own vaccine that's being utilized in poorer nations as well. So, we are literally talking about sitting tight, not panicking for again, perhaps

even at the end of the week, early next week. It's very few days just to sit tight, not panic and as you said, focus on the vaccines that we do


We don't have any sense yet whether this variant is sufficient to outcompete Delta. So, if we want to be panicking about anything, arguably,

we should be panicking about the variant that's out there already which is Delta or is all over the world.

HOTEZ: Yes. Let's look - look at the situation in United States, Julia. Since June 1 of this year, over the last six months, 150,000 unvaccinated

Americans - unvaccinated Americans needlessly threw their lives away because they refused to get vaccinated. That's a far greater problem than

likely Omicron is going to be.

The fact that people are defiant against getting vaccinated. And now, we're starting to see that antivaccine and anti-science defiance or aggression.

Go into Western Europe, into Canada, and that's what we need to focus on is getting everybody vaccinated.

And of course, globally, we have this tragic situation that the African continent is for all practical purposes unvaccinated. South America,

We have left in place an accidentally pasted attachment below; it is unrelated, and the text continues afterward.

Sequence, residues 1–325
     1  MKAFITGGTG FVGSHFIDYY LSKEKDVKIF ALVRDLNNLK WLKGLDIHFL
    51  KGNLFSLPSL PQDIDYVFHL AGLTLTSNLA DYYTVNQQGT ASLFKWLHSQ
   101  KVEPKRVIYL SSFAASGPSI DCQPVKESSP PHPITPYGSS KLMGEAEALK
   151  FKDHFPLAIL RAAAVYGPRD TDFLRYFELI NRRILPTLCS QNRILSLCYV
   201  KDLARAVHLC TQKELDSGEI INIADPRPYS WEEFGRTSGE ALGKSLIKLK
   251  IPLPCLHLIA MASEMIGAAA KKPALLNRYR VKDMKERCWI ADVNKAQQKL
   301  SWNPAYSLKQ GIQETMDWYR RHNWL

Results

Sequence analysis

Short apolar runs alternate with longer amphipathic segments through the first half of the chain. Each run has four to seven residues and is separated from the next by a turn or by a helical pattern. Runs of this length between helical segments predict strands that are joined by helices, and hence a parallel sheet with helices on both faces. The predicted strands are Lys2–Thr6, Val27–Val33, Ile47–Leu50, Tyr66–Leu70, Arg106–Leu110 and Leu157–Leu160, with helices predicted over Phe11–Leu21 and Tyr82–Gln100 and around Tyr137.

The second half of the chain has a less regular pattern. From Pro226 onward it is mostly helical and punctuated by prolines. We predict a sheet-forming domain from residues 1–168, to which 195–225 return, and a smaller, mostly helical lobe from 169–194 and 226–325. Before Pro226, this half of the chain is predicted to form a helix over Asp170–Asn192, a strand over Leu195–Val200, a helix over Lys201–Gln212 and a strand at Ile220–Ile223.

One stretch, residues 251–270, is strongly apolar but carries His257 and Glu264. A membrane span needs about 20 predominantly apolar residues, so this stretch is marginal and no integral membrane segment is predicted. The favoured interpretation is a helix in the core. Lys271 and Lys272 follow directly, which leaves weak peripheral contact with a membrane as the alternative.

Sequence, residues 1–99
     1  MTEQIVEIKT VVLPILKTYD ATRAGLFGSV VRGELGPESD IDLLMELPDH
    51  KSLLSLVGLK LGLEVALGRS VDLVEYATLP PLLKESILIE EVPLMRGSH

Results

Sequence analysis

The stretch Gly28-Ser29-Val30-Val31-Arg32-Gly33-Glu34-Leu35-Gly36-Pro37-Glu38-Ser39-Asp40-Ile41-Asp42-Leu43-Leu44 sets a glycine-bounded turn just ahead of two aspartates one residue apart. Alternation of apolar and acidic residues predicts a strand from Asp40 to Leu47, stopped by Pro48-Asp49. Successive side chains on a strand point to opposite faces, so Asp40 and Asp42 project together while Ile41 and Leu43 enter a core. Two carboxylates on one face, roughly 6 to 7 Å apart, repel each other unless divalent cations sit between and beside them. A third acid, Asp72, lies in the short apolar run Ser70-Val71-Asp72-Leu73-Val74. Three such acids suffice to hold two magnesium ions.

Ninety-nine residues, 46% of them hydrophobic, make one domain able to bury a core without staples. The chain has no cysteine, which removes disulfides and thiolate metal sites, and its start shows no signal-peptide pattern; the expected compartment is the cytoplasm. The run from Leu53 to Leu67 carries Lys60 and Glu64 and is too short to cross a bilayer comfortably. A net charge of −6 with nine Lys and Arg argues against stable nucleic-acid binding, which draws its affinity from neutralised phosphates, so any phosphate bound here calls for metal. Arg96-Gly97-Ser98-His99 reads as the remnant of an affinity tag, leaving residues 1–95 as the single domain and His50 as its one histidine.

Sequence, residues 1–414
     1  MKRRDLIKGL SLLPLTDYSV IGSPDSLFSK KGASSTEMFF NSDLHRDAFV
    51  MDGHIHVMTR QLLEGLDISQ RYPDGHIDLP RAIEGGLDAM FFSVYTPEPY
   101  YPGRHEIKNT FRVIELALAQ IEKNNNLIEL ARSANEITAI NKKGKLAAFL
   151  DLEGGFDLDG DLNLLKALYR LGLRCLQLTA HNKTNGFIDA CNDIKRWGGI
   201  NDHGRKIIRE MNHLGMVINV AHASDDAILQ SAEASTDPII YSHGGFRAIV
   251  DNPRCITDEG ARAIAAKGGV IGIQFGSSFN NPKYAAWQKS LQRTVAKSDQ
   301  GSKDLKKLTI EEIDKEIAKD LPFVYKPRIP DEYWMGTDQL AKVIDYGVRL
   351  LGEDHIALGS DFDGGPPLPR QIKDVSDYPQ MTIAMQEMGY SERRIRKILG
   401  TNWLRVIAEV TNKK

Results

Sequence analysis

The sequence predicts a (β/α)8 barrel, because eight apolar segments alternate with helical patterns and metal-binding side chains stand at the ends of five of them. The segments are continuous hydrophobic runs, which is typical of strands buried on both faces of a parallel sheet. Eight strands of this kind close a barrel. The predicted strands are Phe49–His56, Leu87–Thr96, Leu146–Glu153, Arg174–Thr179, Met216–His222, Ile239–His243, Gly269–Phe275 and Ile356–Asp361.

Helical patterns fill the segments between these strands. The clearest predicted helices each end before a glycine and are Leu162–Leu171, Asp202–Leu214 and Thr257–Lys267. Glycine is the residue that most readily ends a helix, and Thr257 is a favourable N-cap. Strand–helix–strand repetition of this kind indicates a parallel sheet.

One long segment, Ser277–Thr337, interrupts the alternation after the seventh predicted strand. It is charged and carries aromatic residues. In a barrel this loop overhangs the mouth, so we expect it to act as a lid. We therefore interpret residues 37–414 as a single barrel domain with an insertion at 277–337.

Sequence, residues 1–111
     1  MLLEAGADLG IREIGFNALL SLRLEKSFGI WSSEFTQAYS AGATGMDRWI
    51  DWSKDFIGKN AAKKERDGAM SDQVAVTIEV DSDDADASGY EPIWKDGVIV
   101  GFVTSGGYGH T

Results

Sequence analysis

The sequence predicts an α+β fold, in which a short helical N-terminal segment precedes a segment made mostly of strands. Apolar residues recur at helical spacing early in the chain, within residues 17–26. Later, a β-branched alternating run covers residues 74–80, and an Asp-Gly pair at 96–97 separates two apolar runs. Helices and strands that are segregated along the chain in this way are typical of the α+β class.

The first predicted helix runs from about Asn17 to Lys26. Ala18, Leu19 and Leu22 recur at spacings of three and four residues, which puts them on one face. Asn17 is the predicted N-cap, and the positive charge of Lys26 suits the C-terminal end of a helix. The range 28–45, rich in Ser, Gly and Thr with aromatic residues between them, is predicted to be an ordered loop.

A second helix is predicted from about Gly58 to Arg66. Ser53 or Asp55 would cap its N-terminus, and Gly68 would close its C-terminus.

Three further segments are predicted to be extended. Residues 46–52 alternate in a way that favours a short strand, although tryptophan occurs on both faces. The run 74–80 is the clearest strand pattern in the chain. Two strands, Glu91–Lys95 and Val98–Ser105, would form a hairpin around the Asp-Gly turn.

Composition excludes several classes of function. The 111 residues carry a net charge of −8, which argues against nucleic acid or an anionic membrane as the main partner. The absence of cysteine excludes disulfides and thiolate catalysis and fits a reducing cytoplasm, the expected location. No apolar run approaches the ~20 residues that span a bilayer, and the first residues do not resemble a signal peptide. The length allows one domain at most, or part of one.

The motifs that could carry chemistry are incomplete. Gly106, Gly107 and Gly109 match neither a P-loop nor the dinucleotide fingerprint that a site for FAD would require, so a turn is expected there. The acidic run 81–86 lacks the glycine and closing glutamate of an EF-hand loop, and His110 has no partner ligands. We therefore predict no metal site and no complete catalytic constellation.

Central America, Southeast Asia are highly under-vaccinated because - and they don't have access to vaccines. So, we're hoping our vaccine can help

fill that gap and we're hoping for some good news soon out of India.

We've -- what we've done is transferred the technology for our vaccine and helping to co-development to vaccine producers in India, Indonesia,

Bangladesh. And now to a group that's going to hopefully do this in Africa and try to fill the gap with our protein vaccine.

CHATTERLEY: Yes. It's so important.

Peter, if more people were vaccinated, would we prevent or at least slow these variants that we keep talking about and this one obviously more than

others popping up so often because I think we all have unvaccinated friends, perhaps family members, acquaintances. When we say look, we need

to get -- people need to get vaccinated. They say look, vaccinated people are setting sick too. They're spreading it too. What's the response to

those people? What should we be saying to those people?

HOTEZ: Well, once you're boosted, it looks like your ability to spread the virus does diminish significantly. Just like it did after we got the first

two doses of mRNA in the weeks afterwards. That also halted transmission. That was studies from Israel. So, getting vaccinated makes a big


And here's the bottom line, Julia. Remember, if you look at our big pandemic threat variants, the Alpha, the Delta, now possibly Omicron. With

Alpha, it arose out of an unvaccinated population out of Southern England in 2020. With Delta, it arose out of an unvaccinated population - I'm

sorry, in Southern England in 2021.